Why F1 2018 will be more than just Mercedes vs Ferrari

It’s three months to the day since F1 fell silent in Abu Dhabi at the close of last season, but already 2017 is a hazy memory.

Though in 2018 all teams start anew, those 13 precious weeks between the previous grand prix and the beginning of preseason testing tonight (AEDT) have been just barely sufficient to heal the wounds of yesteryear.

It would be easy to say that this is no truer than for Ferrari, which mounted a credible challenge to the drivers championship for the first time since 2012.

This season is a matter of unfinished business, particularly as Mercedes, 2017’s victor, is campaigning for a fifth consecutive world title, the longest streak in history after Ferrari’s six of 2000–05.

But this titanic duel isn’t the only all-in event of the year.

Renault three-team stable of engine customers — its works team, Red Bull Racing and McLaren — promise more than just another round of the same fight.

For these three big hitters 2018 will test the very premise of their racing projects. The stakes in this fight are perhaps the highest of the field.

Renault’s return to Formula One has transitioned rapidly from excruciating to meteoric, and now the 2018 season is a year of great expectation for the French marque.

A measly eight points in 2016 ensured low 2017 expectations, but a solid all-rounder chassis paired with Nico Hulkenberg’s driving finesse impressed.

Despite having the least powerful and most unreliable power unit of all bar Honda, Renault finished the season with the fourth-quickest car and would have comfortably beaten Williams to fifth in the standings had Jolyon Palmer scored as heavily as his teammate.

A combination of onus and expectation therefore weighs on Renault this season.

On the one hand the French manufacturer must not endure another season beset by engine woe, certainly not when power counts for so much in Formula One, doubly so when its customer portfolio comprises the demanding Red Bull Racing and McLaren.

And on the other hand its strong 2017 begs similarly sizable gains in 2018, this time to podium contention. Failure to do so, particularly when its customers are tipped to by vying for those spots at a minimum, will reflect especially poorly.

But while Renault may be excused for not reaching its potential ahead of schedule, no such grace will be granted to Red Bull Racing.

The Milton Keynes-based team has behaved as a champion-in-exile since the dawn of the 2014 power unit regulations, but engines are far from the only reason this once great team has won just eight races in the past four seasons.

Undercooked last-minute debuts have caused the squad as much heartache as have engine problems, and in 2014, 2015 and 2016 RBR failed to convert late-season momentum into a quick car by Round 1 of the following season.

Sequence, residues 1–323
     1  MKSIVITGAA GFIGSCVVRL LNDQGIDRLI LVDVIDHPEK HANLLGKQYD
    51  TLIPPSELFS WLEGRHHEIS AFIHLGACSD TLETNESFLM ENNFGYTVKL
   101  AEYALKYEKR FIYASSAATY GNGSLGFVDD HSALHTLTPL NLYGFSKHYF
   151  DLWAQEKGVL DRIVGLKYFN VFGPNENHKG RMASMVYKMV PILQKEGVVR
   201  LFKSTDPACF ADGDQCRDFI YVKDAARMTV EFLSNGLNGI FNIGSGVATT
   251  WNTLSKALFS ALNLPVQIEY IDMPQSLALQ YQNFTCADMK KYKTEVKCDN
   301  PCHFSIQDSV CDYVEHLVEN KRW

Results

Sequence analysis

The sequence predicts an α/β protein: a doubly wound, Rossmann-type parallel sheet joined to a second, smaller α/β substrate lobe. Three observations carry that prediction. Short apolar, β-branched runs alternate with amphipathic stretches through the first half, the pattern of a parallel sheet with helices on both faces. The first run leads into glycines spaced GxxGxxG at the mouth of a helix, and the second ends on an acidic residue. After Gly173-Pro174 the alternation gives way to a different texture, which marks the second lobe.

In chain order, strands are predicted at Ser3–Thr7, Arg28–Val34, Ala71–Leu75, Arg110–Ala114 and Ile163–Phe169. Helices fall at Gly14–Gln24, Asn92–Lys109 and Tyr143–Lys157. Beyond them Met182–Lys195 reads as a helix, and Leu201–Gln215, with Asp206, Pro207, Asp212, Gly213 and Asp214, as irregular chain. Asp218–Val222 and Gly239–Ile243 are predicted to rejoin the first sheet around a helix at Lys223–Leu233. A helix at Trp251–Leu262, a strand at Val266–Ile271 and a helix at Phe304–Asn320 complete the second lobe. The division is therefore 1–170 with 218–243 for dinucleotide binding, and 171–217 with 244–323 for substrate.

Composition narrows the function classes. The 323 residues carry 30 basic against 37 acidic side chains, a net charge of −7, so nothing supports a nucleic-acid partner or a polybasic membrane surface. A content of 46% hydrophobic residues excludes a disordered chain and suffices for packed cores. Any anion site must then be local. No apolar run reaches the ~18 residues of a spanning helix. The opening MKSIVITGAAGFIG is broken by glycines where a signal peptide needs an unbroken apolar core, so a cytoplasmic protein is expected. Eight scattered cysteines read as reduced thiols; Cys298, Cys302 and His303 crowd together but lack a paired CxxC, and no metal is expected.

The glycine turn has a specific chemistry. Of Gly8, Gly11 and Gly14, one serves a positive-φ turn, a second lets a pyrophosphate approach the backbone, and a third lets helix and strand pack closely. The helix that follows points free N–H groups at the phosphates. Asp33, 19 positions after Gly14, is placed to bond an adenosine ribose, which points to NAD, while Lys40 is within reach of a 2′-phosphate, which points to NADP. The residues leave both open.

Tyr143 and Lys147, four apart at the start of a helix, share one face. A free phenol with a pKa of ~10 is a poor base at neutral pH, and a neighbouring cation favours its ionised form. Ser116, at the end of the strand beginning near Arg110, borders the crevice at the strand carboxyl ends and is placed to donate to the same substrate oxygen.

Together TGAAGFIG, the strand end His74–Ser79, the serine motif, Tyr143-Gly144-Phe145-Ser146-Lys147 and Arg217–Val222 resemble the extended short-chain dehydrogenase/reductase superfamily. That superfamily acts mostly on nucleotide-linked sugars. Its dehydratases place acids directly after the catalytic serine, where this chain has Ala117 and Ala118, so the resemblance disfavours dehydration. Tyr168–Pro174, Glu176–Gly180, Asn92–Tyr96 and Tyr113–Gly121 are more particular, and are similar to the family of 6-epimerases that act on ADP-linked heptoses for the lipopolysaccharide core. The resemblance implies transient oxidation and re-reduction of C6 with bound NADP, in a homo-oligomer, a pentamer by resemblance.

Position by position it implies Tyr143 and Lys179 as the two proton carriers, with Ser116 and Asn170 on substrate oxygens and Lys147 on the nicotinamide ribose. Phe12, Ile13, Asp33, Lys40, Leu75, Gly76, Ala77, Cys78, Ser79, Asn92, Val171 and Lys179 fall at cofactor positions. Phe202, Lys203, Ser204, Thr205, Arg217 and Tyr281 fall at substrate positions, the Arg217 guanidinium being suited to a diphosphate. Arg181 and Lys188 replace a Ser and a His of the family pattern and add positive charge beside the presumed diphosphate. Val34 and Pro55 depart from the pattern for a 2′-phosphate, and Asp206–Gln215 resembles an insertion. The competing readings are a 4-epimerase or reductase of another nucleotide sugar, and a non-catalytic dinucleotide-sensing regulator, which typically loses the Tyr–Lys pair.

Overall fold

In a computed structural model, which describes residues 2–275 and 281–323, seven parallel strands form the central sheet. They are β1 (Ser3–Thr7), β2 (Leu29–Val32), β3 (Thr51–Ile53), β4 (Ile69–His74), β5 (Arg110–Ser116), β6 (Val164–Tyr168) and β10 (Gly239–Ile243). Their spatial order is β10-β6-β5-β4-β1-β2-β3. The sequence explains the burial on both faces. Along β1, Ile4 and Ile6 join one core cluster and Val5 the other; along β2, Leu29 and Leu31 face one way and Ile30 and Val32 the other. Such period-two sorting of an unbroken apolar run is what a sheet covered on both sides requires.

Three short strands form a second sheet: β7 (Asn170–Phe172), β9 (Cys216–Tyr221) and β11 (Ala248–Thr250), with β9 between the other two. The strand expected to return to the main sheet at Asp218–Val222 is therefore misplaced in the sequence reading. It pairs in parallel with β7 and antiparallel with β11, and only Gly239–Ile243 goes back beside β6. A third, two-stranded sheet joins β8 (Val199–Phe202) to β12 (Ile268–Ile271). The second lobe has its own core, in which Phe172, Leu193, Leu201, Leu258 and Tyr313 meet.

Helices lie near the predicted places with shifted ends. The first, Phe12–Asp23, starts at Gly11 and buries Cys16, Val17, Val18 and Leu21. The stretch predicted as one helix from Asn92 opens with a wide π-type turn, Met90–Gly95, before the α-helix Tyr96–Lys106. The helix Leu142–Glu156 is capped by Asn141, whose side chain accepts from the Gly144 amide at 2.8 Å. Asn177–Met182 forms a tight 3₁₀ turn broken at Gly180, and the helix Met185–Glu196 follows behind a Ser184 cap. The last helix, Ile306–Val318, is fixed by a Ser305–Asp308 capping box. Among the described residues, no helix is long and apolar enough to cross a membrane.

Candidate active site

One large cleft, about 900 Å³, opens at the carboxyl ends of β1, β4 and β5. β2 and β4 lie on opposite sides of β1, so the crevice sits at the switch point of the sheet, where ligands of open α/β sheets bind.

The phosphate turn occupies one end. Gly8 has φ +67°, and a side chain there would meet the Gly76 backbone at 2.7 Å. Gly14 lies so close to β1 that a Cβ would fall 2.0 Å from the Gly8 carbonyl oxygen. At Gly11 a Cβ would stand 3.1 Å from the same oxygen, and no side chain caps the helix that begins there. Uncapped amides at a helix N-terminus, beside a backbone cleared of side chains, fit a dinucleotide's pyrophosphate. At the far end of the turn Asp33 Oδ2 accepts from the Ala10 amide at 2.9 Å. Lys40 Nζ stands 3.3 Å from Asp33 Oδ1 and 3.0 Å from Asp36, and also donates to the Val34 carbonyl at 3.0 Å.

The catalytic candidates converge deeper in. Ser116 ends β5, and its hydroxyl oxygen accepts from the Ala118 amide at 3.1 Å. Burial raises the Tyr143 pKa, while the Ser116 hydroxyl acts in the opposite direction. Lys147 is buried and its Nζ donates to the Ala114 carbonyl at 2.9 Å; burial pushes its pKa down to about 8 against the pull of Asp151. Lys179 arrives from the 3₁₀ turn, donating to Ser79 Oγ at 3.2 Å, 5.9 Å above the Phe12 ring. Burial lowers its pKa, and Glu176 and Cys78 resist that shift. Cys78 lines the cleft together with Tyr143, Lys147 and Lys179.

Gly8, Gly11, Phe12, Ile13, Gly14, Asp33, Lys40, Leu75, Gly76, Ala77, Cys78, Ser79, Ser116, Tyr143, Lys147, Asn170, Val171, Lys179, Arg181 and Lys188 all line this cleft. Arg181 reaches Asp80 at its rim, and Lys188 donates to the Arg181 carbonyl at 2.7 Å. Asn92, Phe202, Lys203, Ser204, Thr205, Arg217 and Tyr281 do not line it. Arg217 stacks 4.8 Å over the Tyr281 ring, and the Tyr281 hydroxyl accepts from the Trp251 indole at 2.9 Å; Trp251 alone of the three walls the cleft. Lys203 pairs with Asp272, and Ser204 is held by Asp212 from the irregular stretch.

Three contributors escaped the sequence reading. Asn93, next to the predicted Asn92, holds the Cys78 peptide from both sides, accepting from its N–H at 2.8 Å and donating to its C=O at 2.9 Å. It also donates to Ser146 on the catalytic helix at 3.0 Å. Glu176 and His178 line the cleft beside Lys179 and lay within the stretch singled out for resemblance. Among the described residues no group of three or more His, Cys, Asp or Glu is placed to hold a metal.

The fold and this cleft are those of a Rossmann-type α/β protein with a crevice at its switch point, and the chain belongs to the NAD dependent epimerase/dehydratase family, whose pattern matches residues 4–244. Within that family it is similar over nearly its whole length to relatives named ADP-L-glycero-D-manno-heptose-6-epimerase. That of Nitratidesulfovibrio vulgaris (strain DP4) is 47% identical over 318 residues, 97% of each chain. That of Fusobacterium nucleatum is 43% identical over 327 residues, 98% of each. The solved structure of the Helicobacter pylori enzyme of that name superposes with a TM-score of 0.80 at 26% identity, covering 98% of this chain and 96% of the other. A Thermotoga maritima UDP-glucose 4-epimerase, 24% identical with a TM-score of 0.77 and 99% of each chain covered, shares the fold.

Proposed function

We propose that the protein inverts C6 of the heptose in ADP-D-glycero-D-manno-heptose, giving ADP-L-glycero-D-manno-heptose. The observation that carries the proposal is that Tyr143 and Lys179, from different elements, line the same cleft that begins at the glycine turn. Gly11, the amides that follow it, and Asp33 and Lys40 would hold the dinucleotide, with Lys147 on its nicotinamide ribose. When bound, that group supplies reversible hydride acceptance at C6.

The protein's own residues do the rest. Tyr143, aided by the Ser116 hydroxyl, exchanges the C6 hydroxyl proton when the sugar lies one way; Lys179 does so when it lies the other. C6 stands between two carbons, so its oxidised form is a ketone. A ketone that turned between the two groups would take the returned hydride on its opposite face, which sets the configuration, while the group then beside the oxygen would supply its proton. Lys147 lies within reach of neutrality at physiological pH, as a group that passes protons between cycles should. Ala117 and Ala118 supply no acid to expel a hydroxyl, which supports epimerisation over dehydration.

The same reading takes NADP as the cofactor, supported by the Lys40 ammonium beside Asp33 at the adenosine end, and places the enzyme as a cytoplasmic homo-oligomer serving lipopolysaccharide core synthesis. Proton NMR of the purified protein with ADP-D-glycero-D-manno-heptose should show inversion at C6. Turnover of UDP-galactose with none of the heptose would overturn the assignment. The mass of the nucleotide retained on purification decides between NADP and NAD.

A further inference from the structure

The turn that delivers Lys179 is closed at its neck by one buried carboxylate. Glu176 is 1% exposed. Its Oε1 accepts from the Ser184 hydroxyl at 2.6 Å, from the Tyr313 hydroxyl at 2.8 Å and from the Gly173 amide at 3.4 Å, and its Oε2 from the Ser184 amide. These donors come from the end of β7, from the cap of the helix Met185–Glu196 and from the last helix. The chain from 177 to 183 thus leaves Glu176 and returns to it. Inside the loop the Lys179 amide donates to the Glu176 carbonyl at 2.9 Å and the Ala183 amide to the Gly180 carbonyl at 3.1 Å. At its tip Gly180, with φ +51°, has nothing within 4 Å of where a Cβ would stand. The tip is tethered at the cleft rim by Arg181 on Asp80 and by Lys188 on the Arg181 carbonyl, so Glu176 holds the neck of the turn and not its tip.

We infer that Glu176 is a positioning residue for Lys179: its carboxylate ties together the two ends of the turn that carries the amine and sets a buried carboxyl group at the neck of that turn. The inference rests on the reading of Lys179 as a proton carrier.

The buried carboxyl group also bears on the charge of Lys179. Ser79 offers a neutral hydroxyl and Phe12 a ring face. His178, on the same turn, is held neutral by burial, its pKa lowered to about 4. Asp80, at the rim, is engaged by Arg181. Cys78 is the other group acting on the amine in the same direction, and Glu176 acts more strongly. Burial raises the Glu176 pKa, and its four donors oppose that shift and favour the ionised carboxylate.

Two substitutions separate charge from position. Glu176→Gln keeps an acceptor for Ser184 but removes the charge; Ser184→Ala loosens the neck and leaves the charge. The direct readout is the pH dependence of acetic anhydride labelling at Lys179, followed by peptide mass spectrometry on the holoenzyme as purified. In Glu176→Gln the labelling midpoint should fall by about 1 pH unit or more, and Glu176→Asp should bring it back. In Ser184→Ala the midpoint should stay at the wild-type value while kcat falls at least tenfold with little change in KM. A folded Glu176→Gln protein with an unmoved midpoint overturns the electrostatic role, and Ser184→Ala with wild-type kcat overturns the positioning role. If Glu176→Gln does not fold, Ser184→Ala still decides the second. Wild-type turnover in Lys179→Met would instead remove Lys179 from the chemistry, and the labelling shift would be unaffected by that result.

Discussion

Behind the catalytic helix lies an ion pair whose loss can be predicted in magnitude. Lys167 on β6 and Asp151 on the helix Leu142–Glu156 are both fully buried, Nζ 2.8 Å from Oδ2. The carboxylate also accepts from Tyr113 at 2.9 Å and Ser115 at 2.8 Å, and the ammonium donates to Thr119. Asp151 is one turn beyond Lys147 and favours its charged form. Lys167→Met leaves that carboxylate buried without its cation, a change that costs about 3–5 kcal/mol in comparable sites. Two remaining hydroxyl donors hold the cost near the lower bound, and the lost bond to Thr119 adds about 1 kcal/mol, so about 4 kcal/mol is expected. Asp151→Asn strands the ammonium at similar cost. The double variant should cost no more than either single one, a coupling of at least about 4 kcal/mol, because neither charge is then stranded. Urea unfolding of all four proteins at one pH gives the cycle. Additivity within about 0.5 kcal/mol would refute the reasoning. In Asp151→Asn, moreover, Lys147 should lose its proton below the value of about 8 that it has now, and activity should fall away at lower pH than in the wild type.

In 2018 the team has decided that “it’s preferable to finish the car early and deal with any snags now”, and its timing is no coincidence.

With McLaren adopting the same Renault power and with Renault itself taking great strides, now is the time for Red Bull Racing to prove it remains a class-leading car builder.

Fascinating too will be the out-of-contract Daniel Ricciardo, who will likely entertain offers from Ferrari, Mercedes and Renault while he evaluates his team’s credentials, with his signature elsewhere representing a vote of no confidence in RBR’s direction.

If Red Bull Racing is going to mount a legitimate bid to reclaim championship glory, 2018 is the year.

McLaren-Honda’s three-year partnership is best defined by 36 months of wild promises and painful underdelivery, and despite the famous Woking team freeing itself from the troublesome Japanese engines, it is yet to learn this fundamental lesson.

Ever since the team announced it would be using Renault power from 2018 it has done almost nothing but raise the bar of expectation.

To name but two examples, on 5 November executive director Zak Brown told Autosport he had “giggles” of excitement thinking about what 2018 held for his team, and on 12 January racing director Eric Boullier said McLaren would have been competing with Red Bull Racing had it had access to the same engines.

‘Under-promise and over-deliver’, goes the maxim, but for 2018 McLaren is embarking to do exactly the opposite, setting itself the narrowest of paths to victory. When it might have been forgiven for easing its way back to the top step, only immediate success can be satisfactory now, and when Red Bull Racing has technical consistency on its side and when Mercedes and Ferrari have a head start, history suggests immediate success to be extremely unlikely.

If the wins don’t come in 2018, what then for a team that willingly surrendered its credible excuses?

This is the most intriguing battle of 2018. Renault, Red Bull Racing and McLaren are three big-money teams operating under enormous expectation, and a common power unit pits them directly against each other in what will be a ferocious fight for supremacy.

Simply, there’s nowhere to hide for these championship dreamers this season. It’s time to put up or shut up.
sport altogether.

Australia is ripe for OTT coverage. Aside from our rapidly growing online streaming service uptake rates, we have a sizeable core of fans willing to engage in Formula One, but they may not prove so enthusiastic that they will pay Foxtel’s exorbitant monthly fees for a set fare of coverage at increasingly unsociable hours.

Offer a customisable on-demand model at a competitive price, however, and Australian F1 audiences may yet have a chance to thrive in what ought to be the optimistic dawn of a new Formula One era.